Depression is one of the most common mental health problems in
the United States, affecting about one in six adults at some
point. About 7.5 million of those affected each year are parents.
When a parent is depressed, the likelihood increases that his or
her children will develop this mood disorder as well.
In the population as a whole, for example, surveys indicate that
about 20% of young people develop depression by age 18. In
families where one parent is depressed, however, about 40% of
youths develop depression by age 20, and 60% do so by age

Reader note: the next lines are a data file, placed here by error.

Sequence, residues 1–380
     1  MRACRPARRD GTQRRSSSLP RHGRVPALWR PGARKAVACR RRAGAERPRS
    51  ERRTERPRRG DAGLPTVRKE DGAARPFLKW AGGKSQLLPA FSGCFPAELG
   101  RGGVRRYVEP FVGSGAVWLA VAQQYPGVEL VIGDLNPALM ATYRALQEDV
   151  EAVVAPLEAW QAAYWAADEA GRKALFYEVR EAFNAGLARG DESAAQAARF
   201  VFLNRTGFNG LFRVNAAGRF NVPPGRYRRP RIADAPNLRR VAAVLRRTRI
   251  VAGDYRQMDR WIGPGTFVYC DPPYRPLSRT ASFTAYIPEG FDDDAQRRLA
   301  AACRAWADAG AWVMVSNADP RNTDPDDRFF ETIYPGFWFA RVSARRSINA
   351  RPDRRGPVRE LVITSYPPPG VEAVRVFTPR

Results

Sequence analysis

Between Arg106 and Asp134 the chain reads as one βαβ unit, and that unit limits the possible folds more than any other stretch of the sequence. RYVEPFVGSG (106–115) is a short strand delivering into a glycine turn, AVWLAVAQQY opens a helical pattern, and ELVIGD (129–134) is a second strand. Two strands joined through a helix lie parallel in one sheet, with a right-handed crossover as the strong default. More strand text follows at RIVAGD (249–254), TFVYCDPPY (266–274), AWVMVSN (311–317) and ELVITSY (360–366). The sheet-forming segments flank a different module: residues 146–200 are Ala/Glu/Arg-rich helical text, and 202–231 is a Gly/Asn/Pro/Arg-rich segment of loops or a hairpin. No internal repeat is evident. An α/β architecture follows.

As with other psychiatric disorders (and health problems in
general), part of the reason that offspring of depressed parents
develop depression is genetic. But psychological factors also
come into play. Parents who are struggling with depression may
not be able to cope as well as others with the stress of raising
children. Or the sheer physical exhaustion that is typical of
depression may prevent them from being able to nurture and
support their energetic young ones.
Recognizing these challenges, researchers and clinicians have
been searching for ways to reduce the burden of depression on
parents and children alike.
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